Expect the Public Square portion of Wilkes-Barre to become a more peppy place.
Foot traffic on Main Street likely will increase next month, thanks largely to the King’s College acquisition and makeover of a former hotel in the city’s hub – a $17 million project notable for both its speed and its sensitivity to the community’s aspirations, including paying respect to local history.
Separately, a spate of apartment and condominium projects are in motion, converting empty office space into coveted downtown residential units. And, not to be overlooked, Boscov’s department store will boost its appeal to shoppers with a major renovation topping out at $1 million or more.
Good things definitely are taking shape downtown.
Granted, they might not be happening as quickly as planners envisioned, but, then again, a recession like the one that struck the nation from 2007 to 2009 tends to put most everyone’s plans on hold.
Before the downturn, the city’s hub already had several important building blocks in place: a movie theater, an innovation center, many professional offices and an increasingly rich mix of restaurants and retail shops.
One early piece of the puzzle: a Barnes & Noble bookstore made possible through a collaboration between Wilkes University and King’s. Both institutions continue to show a commitment to making their respective campuses – and the surrounding neighborhoods – safe and pleasing places to be.
In its latest effort, involving a renovated building to be called “King’s on the Square,” the private, Catholic college appears to have taken into consideration a range of wants and needs. An estimated 500 students will be centered at the facility, many of them focusing on topics related to exercise science, physician assistant studies and athletic training.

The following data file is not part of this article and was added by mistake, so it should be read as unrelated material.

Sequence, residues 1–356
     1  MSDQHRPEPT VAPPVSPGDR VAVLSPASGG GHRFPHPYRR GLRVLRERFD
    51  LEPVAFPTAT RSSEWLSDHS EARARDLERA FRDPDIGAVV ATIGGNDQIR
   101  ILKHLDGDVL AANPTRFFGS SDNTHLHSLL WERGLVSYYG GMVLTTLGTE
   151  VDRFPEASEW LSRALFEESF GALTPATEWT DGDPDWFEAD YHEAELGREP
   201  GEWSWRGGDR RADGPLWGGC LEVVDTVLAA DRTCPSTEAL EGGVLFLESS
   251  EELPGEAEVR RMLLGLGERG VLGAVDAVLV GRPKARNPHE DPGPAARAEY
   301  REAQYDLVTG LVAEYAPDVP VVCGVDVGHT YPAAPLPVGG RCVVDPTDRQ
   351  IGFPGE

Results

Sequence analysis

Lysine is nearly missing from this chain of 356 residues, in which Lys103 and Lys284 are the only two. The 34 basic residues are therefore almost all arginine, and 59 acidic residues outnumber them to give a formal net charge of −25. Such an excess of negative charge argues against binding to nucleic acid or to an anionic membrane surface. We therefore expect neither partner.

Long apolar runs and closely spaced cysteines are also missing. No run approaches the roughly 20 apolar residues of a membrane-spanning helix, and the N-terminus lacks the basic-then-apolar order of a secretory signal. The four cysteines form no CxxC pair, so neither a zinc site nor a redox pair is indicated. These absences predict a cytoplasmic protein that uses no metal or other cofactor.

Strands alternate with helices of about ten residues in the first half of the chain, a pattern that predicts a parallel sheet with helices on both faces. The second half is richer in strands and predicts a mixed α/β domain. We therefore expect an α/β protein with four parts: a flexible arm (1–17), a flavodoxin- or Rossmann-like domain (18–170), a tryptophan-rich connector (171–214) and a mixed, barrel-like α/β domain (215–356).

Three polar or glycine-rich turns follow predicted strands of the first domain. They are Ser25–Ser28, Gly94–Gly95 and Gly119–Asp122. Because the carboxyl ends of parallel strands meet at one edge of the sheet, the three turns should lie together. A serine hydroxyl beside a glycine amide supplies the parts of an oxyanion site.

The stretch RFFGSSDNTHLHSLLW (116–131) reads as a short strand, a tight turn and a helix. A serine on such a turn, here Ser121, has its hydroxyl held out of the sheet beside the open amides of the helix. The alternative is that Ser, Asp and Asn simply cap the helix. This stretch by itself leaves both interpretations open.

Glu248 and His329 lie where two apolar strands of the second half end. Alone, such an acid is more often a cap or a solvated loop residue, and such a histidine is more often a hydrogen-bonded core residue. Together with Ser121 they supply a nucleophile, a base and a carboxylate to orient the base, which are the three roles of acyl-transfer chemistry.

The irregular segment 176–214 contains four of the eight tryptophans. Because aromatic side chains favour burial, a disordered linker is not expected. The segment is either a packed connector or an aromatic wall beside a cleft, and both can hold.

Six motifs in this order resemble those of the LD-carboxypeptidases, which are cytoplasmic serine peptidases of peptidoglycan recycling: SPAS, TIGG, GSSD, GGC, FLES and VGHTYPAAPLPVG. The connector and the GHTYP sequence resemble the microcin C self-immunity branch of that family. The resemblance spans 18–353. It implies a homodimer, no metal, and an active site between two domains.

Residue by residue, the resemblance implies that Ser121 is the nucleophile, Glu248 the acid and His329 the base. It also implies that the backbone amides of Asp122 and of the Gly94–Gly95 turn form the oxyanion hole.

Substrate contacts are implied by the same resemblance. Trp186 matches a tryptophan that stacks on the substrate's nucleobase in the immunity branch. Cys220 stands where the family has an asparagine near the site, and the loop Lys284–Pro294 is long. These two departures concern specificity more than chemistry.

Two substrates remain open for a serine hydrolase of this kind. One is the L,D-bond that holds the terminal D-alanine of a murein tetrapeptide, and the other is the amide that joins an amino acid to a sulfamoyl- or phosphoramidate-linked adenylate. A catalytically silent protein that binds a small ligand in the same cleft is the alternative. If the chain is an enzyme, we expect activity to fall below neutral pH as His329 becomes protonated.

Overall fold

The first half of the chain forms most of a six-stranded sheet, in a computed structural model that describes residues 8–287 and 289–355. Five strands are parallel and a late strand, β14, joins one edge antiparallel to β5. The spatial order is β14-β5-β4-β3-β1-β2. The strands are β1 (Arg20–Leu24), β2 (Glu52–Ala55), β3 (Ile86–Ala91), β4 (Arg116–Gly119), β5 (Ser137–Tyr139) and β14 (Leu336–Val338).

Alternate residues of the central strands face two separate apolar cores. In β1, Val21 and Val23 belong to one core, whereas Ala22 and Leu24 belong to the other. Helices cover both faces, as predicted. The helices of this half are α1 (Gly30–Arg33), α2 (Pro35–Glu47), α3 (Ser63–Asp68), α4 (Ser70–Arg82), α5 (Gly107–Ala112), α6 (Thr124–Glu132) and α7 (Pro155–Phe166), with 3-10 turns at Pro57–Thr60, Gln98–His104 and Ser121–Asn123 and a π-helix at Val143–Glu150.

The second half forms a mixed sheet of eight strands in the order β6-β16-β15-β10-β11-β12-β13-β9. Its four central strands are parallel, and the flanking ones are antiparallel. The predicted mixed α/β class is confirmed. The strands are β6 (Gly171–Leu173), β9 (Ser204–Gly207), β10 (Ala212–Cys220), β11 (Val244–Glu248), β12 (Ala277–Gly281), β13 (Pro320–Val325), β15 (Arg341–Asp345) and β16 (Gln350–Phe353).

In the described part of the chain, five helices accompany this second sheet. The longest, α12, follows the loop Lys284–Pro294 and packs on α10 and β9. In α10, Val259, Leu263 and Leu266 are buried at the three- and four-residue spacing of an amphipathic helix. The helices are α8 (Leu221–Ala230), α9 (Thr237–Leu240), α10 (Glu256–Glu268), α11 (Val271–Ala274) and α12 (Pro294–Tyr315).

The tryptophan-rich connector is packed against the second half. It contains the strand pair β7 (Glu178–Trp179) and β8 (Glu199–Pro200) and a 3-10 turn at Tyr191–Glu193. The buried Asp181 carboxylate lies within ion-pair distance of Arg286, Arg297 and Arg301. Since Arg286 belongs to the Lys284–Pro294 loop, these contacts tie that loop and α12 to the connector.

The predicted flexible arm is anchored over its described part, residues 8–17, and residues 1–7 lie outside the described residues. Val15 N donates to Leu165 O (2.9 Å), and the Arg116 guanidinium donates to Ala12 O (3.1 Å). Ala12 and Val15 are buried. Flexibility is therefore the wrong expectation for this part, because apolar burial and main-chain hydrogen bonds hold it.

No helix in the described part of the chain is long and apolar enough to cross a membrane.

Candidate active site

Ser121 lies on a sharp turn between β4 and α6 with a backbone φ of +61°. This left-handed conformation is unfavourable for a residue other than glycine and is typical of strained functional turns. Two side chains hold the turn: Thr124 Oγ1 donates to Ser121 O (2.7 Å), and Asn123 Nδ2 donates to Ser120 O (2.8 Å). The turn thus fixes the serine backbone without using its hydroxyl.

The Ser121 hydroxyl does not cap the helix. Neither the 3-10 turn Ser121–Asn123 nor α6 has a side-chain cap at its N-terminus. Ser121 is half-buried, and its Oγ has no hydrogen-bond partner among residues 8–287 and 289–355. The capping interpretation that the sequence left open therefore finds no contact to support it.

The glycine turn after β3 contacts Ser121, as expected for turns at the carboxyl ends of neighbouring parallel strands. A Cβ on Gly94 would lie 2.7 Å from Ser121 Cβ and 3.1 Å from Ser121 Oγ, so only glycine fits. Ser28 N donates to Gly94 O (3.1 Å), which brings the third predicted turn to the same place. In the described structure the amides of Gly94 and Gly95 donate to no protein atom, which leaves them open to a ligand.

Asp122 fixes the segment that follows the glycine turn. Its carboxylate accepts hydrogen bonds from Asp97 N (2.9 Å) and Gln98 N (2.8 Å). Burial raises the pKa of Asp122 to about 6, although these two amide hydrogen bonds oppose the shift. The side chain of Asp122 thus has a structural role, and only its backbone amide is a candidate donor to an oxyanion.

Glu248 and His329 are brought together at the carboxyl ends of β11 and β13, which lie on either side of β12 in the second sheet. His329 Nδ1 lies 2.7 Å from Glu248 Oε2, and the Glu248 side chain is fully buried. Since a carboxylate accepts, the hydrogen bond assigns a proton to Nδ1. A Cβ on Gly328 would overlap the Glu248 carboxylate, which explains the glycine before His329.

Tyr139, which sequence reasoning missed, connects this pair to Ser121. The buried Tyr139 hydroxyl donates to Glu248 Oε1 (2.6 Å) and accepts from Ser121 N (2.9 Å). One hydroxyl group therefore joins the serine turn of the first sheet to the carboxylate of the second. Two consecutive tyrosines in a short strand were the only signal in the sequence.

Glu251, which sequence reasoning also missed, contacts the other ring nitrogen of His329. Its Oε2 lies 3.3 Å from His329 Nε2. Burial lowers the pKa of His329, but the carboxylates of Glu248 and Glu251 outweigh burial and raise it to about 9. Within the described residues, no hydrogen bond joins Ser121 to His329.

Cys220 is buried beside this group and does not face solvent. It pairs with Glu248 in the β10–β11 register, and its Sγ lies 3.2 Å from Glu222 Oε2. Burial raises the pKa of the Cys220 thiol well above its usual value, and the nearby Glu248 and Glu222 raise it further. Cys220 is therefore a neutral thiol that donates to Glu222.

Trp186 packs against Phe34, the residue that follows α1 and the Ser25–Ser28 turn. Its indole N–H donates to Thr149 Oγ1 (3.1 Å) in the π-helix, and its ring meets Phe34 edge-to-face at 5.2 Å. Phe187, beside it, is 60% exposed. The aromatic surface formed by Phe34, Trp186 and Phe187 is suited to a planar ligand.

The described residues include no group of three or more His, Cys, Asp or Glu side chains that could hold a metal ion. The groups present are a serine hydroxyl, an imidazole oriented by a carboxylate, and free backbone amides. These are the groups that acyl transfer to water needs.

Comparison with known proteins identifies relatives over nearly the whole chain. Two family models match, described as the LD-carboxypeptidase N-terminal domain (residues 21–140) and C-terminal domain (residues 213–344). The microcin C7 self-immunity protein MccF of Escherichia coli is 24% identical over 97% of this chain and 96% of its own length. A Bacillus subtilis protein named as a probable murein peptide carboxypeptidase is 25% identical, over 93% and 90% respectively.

The building’s first floor will include a student dining room and adjoining outdoor patio. Its uppermost levels will serve as student housing, capable of accommodating about 200 residents. Floors three through five remain mothballed, with no purpose yet announced. (We still vote for adapting it as the college’s volunteer headquarters, flanked by offices than can be leased to some of the Wyoming Valley’s social service agencies.)
Cleverly, King’s College officials decided to blend the building’s practical uses with some public – and sure to be popular – ones.
More than 200 paintings by Dallas-based artist Sue Hand that memorialize the area’s coal mining heyday are expected to be on permanent display in a first-floor corridor. Plus, plans call for a tribute to Father Joseph Murgas, a priest who served in the city and became a pioneer in wireless communication. There might even be a place for Mr. Peanut, the top hat-wearing logo of the Planters company that got its start on Wilkes-Barre’s center-city streets.
As longtime residents know, Public Square has never been a static place, but rather shaped and reshaped to suit the times.
Give King’s College credit for going beyond what was necessary, or expected, to help keep the city’s core bustling.